Many people only apply at their own bank for just this reason. They think that they are taking a risk if they shop around.

This raises some obvious concerns. After all, you are only exercising your rights as a consumer to compare prices, so why should you be penalised for it?

Footprinting

What is a given is that every time you apply for a loan of any sort, this will be recorded on your credit profile. This is called footprinting, and credit providers may use this information to assess you.

“Credit providers consider a multitude of factors when vetting applications for credit, one of which would be demand for certain types of credit,” explains David Coleman, the head of analytics at Experian South Africa. “A sudden surge in demand for unsecured or short term credit, linked with signs of stress building on indebtedness and repayment capacity of the consumer, would result in the credit provider taking a more cautious approach in extending further credit to such a consumer.”

However, short term credit is not the same as long term credit like a home loan in this regard. In fact, Nedbank says that it views multiple applications for a bond made at the same time as a single enquiry.

The head of credit for FNB retail, Hannalie Crous explains that they also make a distinction:

“From an FNB perspective we do not look at number of bureau enquiries pertaining to home loans as a key determinant of a credit score,” she says. “The handful of credit bureau enquires associated with a bond application will have no effect, however  a consistent trend indicating that a consumer is taking on multiple loans could influence the outcome of a credit application.”

Not all bureaus will see you the same

In other words, the banks don’t see it as a negative if you shop around for a bond. A number of credit bureaus approached by Moneyweb also took the same line, although with a caveat:

“Each credit bureau and each credit provider that has their own in-house score will score consumers using their own criteria,” says Michelle Dickens, the MD of TPN. “It’s not a one size fits all. As a result there will be a higher weighting towards different aspects of data that will improve or decline the ultimate overall score.”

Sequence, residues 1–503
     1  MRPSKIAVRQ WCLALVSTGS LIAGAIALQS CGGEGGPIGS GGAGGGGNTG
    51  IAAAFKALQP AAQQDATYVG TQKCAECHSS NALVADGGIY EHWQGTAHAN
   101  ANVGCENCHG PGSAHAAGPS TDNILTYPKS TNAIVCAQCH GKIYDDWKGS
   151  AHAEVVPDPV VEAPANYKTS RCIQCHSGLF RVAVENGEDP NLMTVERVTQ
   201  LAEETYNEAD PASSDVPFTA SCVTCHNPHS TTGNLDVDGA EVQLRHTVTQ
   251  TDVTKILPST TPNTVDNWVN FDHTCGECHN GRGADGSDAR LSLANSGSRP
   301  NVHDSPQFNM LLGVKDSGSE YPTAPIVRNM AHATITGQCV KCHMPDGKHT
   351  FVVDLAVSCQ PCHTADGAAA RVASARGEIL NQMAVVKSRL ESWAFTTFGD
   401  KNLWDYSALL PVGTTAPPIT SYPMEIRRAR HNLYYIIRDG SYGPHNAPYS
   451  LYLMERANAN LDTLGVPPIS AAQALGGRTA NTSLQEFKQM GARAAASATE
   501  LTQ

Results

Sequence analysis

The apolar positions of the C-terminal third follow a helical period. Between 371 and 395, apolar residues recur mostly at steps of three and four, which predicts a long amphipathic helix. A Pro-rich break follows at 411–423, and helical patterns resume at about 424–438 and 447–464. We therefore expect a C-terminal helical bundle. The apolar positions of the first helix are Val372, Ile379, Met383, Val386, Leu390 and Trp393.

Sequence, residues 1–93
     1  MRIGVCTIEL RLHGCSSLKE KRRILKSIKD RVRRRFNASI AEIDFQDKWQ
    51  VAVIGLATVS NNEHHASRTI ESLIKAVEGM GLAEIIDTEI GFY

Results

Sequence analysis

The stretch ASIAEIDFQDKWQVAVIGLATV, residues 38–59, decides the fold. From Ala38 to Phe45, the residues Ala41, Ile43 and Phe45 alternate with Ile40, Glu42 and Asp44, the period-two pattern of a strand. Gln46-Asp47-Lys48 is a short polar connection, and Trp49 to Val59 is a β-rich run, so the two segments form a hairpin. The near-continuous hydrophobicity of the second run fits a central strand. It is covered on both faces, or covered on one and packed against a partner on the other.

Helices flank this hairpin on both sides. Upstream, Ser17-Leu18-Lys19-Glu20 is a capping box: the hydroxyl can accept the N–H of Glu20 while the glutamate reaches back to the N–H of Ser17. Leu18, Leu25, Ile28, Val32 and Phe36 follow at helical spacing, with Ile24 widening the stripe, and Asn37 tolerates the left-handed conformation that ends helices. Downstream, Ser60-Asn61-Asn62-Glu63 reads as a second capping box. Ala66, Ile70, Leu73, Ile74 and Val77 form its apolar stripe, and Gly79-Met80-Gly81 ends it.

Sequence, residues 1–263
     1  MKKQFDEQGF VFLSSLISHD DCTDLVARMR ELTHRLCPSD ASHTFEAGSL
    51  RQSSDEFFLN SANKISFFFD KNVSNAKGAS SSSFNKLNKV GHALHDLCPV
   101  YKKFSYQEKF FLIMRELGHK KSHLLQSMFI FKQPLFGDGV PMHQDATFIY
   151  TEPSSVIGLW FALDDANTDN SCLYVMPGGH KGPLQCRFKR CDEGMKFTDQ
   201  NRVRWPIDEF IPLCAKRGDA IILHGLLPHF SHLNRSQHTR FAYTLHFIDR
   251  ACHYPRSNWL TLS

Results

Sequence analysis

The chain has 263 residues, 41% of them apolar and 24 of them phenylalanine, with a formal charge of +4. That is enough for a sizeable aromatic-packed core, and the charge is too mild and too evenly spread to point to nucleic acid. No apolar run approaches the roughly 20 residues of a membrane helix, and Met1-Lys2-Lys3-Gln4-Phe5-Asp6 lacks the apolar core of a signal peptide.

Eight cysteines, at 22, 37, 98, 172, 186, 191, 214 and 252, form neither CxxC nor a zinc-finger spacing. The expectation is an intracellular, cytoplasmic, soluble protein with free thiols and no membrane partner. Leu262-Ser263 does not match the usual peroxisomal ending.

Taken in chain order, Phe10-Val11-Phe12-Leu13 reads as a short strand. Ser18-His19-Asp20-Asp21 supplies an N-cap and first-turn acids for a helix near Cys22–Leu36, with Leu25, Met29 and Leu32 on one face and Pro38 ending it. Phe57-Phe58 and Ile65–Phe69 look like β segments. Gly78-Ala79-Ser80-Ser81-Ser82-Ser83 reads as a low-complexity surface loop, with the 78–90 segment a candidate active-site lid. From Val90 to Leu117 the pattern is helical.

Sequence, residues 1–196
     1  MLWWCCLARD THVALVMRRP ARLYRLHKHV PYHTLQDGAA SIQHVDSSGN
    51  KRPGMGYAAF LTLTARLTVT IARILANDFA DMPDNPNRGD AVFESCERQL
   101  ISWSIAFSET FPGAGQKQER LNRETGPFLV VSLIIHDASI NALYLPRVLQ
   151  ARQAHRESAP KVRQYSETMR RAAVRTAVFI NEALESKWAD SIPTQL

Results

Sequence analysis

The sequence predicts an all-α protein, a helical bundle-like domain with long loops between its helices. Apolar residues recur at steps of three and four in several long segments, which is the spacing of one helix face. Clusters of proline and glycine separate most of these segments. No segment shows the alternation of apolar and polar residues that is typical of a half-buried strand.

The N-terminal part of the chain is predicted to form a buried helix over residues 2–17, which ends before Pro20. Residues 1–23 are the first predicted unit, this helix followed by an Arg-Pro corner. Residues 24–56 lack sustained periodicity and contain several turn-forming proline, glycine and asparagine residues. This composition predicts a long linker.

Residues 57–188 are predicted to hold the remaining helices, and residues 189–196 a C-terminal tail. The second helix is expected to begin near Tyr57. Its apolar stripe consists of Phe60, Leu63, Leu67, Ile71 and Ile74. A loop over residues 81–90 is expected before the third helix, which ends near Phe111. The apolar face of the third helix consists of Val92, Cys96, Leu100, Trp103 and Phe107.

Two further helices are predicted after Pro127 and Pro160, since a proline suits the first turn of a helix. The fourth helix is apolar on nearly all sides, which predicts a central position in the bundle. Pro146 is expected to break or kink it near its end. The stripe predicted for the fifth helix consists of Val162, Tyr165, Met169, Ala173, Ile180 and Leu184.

The head of the consumer bureau at XDS, Alex Moir, explains that different companies may therefore use information differently.

“Not all credit bureaus will use the application data in the credit scores, which means that a customer could go to as many banks as they like and their risk score with these bureaus would not be impacted,” he says. “Some credit bureaus do however use the application data and, in this instance, the consumer’s score could actually be impacted positively if they do enquiries at different banks. There is generally a threshold that some of the bureaus would have, where making one to three enquiries would add points to your score, three to five enquiries would leave the score as is and more than five could deduct points from your score.”

Moir adds that he believes this is a legacy from when these scorecards were developed and there was not much data available. Therefore any data that was supplied got used. However, this should now be the exception.

“Where you have a consumer with a lot of information such as a number of accounts with payment profiles, there’s enough other data to make an assessment,” says Dickens. “But when there is not a lot of other information, then the weighting could lean more towards the footprinting.”

She adds, however, that what bureaus can’t do is give you a bad score just because they have nothing to go on.

“One of the things the scores can’t do is negatively score you because there is no information,” Dickens explains. “You can’t be scored as a below average or poor consumer simply because there is not enough information to score you as good.”